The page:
That an arche is at work “beneath” the threshold of the experience of the signifier-signified relation, and that this arche, once discerned though the use of a paradigm, allows the relation to be placed in a “new intelligible ensemble” and “problematic context,” is of crucial importance for understanding philosophical archeology as a science of signatures. Only once the signature has been recognized can the arche at work beneath the threshold of the experience take on a new and instructive meaning. 

Also important is Agamben’s notion that signatures function by means of resemblance. He understands resemblances as having to do with analogies and “immaterial similarities” between signs (or more properly, signifiers) and the arche which realizes their relations to specific signifieds.

As can perhaps be anticipated, I propose the Sunken Place as a paradigm which “shifts” or places blackness in a “new intelligible ensemble” and “problematic context.” As I will attempt to show shortly, it produces this shift because it is not only a metaphor for the “system” that sinks black freedom, it itself also clues us in (indicium) to why (and what!) it works as metaphor. It stands in a position of analogical resemblance with that which accounts for or “explains” the meaning of blackness: the transcendental and paradigmatic dimension, historical a priori, the arche, the “fertile bathos.” 

Before going to analyze the text which I propose presents a (maybe “the”) historical a priori of blackness (as blackenedness), I want to consider Immanuel Kant’s conception of genius, which shares a striking resemblance with Agamben’s conception of genealogy as philosophical archaeology and a science of signatures.


In Critique of the Power of Judgement, Kant defines genius as “the exemplary originality of the natural endowment of a subject for the free use of his [sic] cognitive faculties.” He continues, writing that the genius can become an “example for other good minds [and give] rise to a school, i.e., methodical instruction in accordance with rules.” What stands out here, of course, is this notion of exemplary originality and its relationship to the emergence of a methodical instruction in accordance with rules or a school. The methodological instruction in accordance with rules is a “paradigm.” Before considering the relationship between that which is exemplarily originality and a paradigm, let me comment on this notion of exemplary originality itself.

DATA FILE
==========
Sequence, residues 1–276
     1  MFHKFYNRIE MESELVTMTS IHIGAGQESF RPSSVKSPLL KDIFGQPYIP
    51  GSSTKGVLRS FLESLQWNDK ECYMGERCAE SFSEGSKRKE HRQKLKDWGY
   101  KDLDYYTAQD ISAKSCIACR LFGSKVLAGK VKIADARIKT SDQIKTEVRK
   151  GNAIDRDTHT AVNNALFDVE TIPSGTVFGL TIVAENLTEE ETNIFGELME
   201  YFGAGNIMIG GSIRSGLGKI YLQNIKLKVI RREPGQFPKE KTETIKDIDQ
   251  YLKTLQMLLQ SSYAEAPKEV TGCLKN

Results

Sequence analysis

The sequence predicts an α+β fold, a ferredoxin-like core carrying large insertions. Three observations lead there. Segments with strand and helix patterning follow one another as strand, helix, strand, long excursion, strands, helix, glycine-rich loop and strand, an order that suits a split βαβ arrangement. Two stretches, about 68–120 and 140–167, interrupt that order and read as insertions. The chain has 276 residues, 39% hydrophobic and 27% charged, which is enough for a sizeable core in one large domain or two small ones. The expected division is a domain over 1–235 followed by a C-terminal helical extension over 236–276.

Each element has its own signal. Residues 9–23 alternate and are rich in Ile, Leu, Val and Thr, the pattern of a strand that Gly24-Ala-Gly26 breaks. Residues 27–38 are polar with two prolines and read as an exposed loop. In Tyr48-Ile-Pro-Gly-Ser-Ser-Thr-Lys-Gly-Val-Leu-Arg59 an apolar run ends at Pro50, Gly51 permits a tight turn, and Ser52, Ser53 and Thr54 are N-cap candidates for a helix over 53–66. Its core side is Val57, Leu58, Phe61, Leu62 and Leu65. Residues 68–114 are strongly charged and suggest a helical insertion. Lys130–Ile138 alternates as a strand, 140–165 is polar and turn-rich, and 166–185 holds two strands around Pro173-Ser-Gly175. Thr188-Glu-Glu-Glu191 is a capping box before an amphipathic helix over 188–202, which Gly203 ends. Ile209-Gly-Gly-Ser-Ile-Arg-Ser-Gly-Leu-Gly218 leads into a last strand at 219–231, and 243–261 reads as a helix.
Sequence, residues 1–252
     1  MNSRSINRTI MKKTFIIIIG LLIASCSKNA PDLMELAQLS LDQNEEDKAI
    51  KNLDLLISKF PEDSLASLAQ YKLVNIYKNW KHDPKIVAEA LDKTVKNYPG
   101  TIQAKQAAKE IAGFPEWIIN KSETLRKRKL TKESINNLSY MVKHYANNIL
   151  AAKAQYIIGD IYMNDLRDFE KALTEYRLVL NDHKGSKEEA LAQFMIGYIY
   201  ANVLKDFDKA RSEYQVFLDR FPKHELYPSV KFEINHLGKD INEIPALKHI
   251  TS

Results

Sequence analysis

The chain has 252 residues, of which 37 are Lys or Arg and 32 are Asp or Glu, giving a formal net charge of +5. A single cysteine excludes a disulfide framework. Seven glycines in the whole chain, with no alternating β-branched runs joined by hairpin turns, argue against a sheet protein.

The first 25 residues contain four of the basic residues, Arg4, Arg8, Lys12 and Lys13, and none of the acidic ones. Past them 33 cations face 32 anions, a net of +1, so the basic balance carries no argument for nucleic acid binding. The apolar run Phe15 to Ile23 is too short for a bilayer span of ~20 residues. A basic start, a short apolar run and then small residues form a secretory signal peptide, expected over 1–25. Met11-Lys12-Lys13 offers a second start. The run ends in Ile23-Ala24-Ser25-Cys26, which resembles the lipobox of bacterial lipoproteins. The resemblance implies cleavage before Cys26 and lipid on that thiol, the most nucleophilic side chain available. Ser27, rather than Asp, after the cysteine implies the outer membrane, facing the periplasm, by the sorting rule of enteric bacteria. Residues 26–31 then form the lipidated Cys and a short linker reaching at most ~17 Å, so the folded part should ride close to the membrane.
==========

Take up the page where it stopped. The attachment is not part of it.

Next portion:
One thing to note is that exemplary originality is not only related to the subject’s cognitive faculties, but it is also related to the product of those faculties in their “free use.” In other words, the exemplarily original way in which the artistic subject’s mind works must also become embodied in the artist’s work itself. It must come to be embodied in what Kant calls the “aesthetic idea” of the work, which itself will be exemplarily original. But what exactly is an exemplarily original aesthetic idea? 

An aesthetic idea is original insofar as no antecedent rule within the relevant craft can be given to determine how it was possible. Second, the idea is exemplary insofar as, after it has come into being, it can “serve others [as a model], i.e., as a standard or rule for judging.” Moreover, the exemplary original aesthetic idea’s becoming a standard or rule for judging, its becoming a methodical instruction in accordance with rules, means two things. 

First, it means that an exemplary original aesthetic idea educates the taste of those who would judge or assess the work. Insofar as the aesthetic idea is exemplarily original, the judges of the work will have to learn, from the work itself, how to assess its relationship to other works within the same craft tradition. Regarding Get Out and the Sunken Place, this tradition is screencraft. 

Secondly, becoming a standard or rule for judging means that the aesthetic idea, for other artists who themselves aspire to exemplary originality but who, for whatever reason, aren’t lucky enough to be a “favorite of nature,” becomes something to be imitated. These artists form a school. They attempt, after the (f)act, to extract the rule(s) and method by which the aesthetic idea was produced. If these artists copy “everything, even down to [the deformities] which the genius had to leave in,” then these artists form a school of apes.

But the test of Sunken Place’s genius, I claim, is not so much its relationship to other art, but its relationship to “scholarship,” and primarily scholarship which is concerned with racial blackness.  It’s genius, in other words, is determined by its ability to provoke a “paradigm shift” in our study of the meaning and materiality of racial blackness. As mentioned, I think its genius consists in its conjuration of a philosophical archaeology of itself, of racial blackness, and of the 6th century text which allows us to recognize its conjuration of the former two. I turn to the text now.